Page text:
Would you favor an approach that might be closer to what, say Pawson does with kitchens? I likely would. I can imagine though that kitchens can be a tricky part for an architect and an owner building a house, given the balance of functionality and design. I agree though that I would be the first to sacrifice on practicability for a more coherent design: I am not a cook and only need space for the caterer ;-)

 

Mike

post #3459 of 3574
The one sacrifice I'd feel obligated to make for the sake of design is the large fridge. I'd go with a smaller refrigerator underneath the counter, likely with glass doors. Crouching over to fetch butter is far preferable to having a huge ugly fridge that fucks up all the lines of the room. Since it can only be about 6'3" tall feet, and since suspended cabinets can only be about 5'9" above the finished floor, you're dealing with two incongruent sets of lines. Add a counter at 36" and now you're detailing with a third horizontal benchmark. Then you have to design around water with wet surfaces, which have to play off the rest of the kitchen's materials, which is a problem because each material has its own geometry.. Then you have to deal with appliance geometry and find a way to organize the cabinet geometry around it. Then you have the line at the top of the cabinets. Then maybe a range hood. Then the kitchen table height. It's just a mess. If you keep everything below the counter, you have practical tradeoffs, but you have one important horizontal line that all other visual aspects of the kitchen can be designed to coordinate with. It makes it so much easier. That tall fridge with 80 lbs of frozen chicken cutlets is the source of all your problems.
post #3460 of 3574
Quote:
Originally Posted by StephenHero View Post

Crouching over to fetch butter is far preferable to having a huge ugly fridge that fucks up all the lines of the room.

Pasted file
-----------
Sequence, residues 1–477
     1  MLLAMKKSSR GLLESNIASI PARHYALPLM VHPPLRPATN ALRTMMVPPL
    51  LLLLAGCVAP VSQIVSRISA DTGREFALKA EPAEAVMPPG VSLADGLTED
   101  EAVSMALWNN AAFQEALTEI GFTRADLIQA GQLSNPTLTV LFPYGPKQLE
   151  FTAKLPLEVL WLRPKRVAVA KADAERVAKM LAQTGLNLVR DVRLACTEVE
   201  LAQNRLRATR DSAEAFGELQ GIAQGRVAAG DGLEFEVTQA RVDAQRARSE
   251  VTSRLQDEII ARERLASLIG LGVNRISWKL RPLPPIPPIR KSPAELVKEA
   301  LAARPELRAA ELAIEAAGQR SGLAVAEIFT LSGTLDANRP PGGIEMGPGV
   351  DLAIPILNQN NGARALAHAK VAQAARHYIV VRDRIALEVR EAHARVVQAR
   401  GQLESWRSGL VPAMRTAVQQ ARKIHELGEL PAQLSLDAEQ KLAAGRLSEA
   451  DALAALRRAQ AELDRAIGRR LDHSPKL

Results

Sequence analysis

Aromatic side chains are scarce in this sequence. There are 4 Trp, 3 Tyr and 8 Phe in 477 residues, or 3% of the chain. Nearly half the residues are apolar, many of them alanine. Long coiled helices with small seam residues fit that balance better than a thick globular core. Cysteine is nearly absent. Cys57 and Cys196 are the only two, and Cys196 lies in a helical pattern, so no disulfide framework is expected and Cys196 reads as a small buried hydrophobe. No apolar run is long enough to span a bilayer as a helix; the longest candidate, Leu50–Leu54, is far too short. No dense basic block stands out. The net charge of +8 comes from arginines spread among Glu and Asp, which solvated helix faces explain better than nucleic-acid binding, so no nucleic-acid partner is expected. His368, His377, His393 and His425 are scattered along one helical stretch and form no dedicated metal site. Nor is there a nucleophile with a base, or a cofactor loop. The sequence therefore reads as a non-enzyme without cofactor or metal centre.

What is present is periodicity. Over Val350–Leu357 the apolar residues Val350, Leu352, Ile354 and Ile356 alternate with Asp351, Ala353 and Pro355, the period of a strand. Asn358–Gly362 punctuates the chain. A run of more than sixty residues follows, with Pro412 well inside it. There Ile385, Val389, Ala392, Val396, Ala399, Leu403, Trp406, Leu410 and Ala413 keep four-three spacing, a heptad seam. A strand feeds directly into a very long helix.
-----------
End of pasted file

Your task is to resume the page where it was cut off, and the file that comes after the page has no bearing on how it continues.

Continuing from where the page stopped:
If you're fucked up in the head.
post #3461 of 3574
The kitchen is fine. As usual the squiggly lines in SH's head overrule function, to the detriment of any practicality.
post #3462 of 3574
Quote:
Originally Posted by Hayward View Post

This is a very convenient and functional kitchen for the intended user: the cook and other servants in the house. The seating area is obviously for the staff, not for the owners or guests of the house.

As usual the squiggly lines in SH's head overrule function, to the detriment of any practicality.

But why does it have to be that fridge? Could they not have built it into the same cabinetry? 

 

Otherwise, I like everything else. I prefer a lower eating bar to a higher perch and the difference in counter height doesn't seem like much of a barrier between those seated and those standing. 

post #3463 of 3574
Client REALLY wanted an ice maker.
post #3464 of 3574
Quote:
Originally Posted by Hayward View Post

Client REALLY wanted an ice maker.

They have those on the inside of the fridge too... 

post #3465 of 3574
Yeah but they wanted the water/ice dispenser on the outside. Convenience.

Plus there's the issue of what's available where they are.

What is troubling is the seating area. I really did think that it was a wardroom for the household staff. Then I reviewed the other photos and realized that it's supposed to be a main dining area.